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The corollary item that I emphasized was that the jockeys and trainers knew all of this going into it. This explains why Classic Empire got into the speed duel. If Julien didn’t keep pace with Always Dreaming, he may have had no chance. As it was, Julien gave them a great chance, just fell a nose short in the end.
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Javier read it perfectly and hung in there right behind the pace, then gave it all he had at the end, which was just enough. Channing also had a perfect read and moved when it was time. You can’t get much better than finishing 3rd in the 2nd leg of the Triple Crown with the 2nd longest shot in the field.

Against the odds, also give credit to Lookin at Lee, who for the first time in his 11 race career, got passed, by Senior Investment. But he did get up for 4th, consistent with his record of finishing in the money in 10 of 11 career races, 8 of which have been graded stakes. Very impressive.
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But let’s be honest, at the end it was a 2-horse race. The others were over 4 lengths into irrelevancy. So who else should we talk about? Two races before the Preakness was the Sir Barton, at 8.5 furlongs, a full 1 furlong shorter than the Preakness. It was won by No Mo Dough in his 4th career start.
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The win itself in the Sir Barton is never a real impressive claim to fame, however the way in which it was won this year deserves mention. After a dawdling pace in which they ran over 2 seconds slower at the half mile and ¾ mile, the winner still closed and then drew away for a win.
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So it was a slower race with a slower pace? Yes, much slower. But that also means that it should have been very difficult for a horse that was dead last after ¾ mile to even come close to winning. But he did win easily, drawing away with flare.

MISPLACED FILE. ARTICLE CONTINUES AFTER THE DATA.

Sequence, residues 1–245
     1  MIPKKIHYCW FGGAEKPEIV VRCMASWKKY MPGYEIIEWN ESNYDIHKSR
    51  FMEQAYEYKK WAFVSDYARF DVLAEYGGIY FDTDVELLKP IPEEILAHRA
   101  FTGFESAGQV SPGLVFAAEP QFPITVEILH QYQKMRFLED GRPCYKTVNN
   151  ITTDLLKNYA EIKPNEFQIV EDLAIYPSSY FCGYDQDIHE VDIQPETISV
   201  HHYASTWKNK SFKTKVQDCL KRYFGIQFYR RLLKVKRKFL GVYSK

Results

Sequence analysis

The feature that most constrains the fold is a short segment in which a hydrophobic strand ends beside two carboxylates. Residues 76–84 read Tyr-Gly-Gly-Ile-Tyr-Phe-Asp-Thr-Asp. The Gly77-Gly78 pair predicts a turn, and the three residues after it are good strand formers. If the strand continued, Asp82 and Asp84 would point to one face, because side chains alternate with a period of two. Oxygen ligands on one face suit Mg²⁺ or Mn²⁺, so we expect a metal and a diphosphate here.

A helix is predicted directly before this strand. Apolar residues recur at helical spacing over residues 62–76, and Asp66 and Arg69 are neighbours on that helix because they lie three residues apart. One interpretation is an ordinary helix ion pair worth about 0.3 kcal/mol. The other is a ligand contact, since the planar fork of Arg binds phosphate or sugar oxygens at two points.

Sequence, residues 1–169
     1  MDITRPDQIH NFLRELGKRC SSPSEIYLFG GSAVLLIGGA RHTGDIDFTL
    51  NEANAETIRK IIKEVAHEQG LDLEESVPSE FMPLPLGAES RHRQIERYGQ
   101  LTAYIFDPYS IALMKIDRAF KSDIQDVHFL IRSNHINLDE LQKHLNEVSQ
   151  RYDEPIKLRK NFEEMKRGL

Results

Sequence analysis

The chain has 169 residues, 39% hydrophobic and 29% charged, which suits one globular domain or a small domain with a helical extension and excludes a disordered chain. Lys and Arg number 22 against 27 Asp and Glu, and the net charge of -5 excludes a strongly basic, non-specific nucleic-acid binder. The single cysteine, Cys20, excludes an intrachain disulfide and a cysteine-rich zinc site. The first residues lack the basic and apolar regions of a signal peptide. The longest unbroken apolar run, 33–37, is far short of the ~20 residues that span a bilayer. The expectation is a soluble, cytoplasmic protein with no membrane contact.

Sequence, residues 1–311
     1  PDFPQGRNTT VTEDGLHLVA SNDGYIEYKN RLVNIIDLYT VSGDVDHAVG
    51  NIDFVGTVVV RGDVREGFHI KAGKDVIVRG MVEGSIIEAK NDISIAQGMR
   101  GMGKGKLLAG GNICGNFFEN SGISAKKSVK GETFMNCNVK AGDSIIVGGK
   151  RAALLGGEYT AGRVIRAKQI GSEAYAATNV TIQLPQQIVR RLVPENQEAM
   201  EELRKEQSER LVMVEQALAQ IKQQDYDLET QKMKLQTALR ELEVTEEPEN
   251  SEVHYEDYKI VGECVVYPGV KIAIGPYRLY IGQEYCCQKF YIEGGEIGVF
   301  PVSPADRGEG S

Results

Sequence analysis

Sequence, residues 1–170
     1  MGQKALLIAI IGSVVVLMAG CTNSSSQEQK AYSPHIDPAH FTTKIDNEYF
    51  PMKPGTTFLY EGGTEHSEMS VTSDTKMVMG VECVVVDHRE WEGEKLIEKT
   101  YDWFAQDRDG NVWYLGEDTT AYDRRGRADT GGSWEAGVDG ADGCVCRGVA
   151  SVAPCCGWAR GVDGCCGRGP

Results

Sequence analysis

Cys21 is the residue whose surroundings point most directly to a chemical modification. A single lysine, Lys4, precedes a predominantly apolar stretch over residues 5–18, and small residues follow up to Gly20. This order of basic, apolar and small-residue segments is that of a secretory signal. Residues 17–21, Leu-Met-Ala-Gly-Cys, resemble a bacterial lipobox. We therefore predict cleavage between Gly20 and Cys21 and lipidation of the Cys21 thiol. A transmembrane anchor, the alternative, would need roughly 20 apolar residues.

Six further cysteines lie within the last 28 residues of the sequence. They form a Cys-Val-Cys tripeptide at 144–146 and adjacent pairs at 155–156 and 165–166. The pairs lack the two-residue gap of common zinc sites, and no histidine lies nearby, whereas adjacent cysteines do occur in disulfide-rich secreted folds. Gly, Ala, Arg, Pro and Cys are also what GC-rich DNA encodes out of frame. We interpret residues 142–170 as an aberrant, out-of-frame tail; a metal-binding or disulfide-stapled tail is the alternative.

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Still, his winning 8.5f time was a full second behind Classic Empire’s 8.5 time in the Preakness, which would put him about 5 lengths back at that mark. But there are definitely some apples and oranges here. That closing speed in the Preakness could have put him in the money.
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The runner-up in the Sir Barton, Time to Travel, was 2nd place most of the way and finished that way, despite the miserably slow pace. Much like Da Tara was in that race when pointed to the Belmont. Fortunately Big Brown isn’t here, and hopefully if entered, Time to Travel won’t be the only speed in the race.
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The point is that the Sir Barton is a race that is much used to see how three year old horses measure up to the real triple crown competition without actually running against them in the Preakness, but still running on the same track on the same day at a similar distance.
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No Mo Dough is the only one I would give a chance to in the Belmont right now, unless it ends up completely devoid of front end speed. Presumably he’s the only one that will be entered in the Belmont from this race, if any. If so, he’s definitely a contender.
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The other horse we’ll look at is Peter Pan favorite and winner Timeline, who won handily going away by 3.5 lengths, at Belmont Park, a week before the Preakness. The Peter Pan is another race oft-used as a prep for the Belmont Stakes, and I would expect them to enter this winner in the Test of Champions.
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Timeline will give trainer Chad Brown 2 quality horses to contend in the Belmont, along with Cloud Computing after the impressive Preakness win. Both have a great running style for the Preakness as well. So far the Belmont is coming up with a lack of early speed but there’s still time…

May 19 2017

Preakness Stakes 2017 Sire and Sireline Pedigree Analysis